Look for 2 adults on the nest. The adult pair will show pair bonding behaviors such as vocalizations, aerial sky dances, and the male feeding the female fish. You may see the pair copulating, which typically begins 14 days before laying eggs.
Females will lay 1 - 4 eggs at a rate of one egg every 1 - 2 days. After laying, incubation starts. Look for adults taking turns sitting low in the nest incubating eggs. The incubation period can last 35 - 43 days.
Chicks hatch ~39 days after incubation begins. Look for adults bringing food to the nest and making "head bows" into the center. Chicks typically can't be seen until they are 2 - 3 weeks old, so feeding behavior is the only way to know chicks are there.
Around 4 weeks after hatching, look for the heads of chicks to show over the rim of the nest, particularly when adults bring food to the nest. Other times they lie flat and are harder to see. Count the number of chicks in the nest before they learn to fly
Chicks begin flying around 7 - 8 weeks old, and are still fed by the adults. Count the number of chicks who have successfully fledged the nest and are observed flying.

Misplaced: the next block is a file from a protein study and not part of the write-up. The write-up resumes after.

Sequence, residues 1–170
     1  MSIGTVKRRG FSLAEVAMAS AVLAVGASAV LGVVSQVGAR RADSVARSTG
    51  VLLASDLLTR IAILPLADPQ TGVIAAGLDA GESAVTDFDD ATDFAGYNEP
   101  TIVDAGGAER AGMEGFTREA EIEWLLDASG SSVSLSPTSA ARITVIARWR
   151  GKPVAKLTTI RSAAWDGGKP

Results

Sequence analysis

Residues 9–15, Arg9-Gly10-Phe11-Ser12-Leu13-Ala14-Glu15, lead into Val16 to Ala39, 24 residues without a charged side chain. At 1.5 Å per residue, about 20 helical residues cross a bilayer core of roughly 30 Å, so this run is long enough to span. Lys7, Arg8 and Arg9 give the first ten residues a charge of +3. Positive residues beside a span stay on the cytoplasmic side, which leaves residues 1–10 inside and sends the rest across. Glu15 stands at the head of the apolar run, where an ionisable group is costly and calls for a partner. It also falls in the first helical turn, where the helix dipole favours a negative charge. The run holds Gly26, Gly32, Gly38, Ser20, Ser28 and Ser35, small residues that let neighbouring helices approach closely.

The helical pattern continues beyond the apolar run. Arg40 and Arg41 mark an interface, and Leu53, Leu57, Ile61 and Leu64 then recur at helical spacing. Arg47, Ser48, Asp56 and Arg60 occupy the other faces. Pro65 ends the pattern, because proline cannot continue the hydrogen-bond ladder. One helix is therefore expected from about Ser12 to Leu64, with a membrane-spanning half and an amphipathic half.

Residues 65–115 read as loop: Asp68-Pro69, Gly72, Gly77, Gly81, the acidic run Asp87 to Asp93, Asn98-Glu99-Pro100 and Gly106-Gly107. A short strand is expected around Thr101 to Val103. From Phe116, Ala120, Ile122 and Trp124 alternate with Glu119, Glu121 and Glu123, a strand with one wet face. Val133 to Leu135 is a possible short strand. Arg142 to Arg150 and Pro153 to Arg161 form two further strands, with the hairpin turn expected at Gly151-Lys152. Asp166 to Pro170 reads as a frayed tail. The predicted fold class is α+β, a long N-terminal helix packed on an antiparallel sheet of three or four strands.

Chick Last Observed
4 - 10 weeks after fledging, chicks begin leaving the nest area to migrate south, once they have learned to fly and feed themselves. Record the date that the last chick left the nest.
Look for signs of nest failure like adult abandonment, adults no longer incubating eggs or feeding young.
a female O at platform just before 7 am, male arrived just after, showed some flirting behavior then took off quickly. Female remained about an hour. She had larger necklace and mottled head. Neither bird is banded. 69 degrees, sunny, breezy,13mph west winds gusting
male brought fish to nest on 6-6-22, morning. not seen since, 3 chicks have not eaten today, female has flown off nest for very short times but has not gone fishing.. she must go tmr to save even one of her 3 beautiful chicks.adult male is reported to be around 18 yrs of age?..
female remaining on eggs during this protracted weather pattern of cold temps in low 50's, heavy rains, fog, high winds since Nor' easter arrived Saturday 5-7-22. Male on nest with female this morning. I am assuming he is able to deliver enough fish to keep this nesting going while other nesting pairs in the area are abandoning eggs or loosing natural nests to the high winds, another tough May for local osprey.
just before sunrise this morning the single chick appeared to struggle for a few minutes and then passed away. reason unknown as it was not cold and the chick appeared normal up to that time. Could this be exposure following a driving rain late last evening, perhaps some sort of toxin? we can't know for sure. Very sad.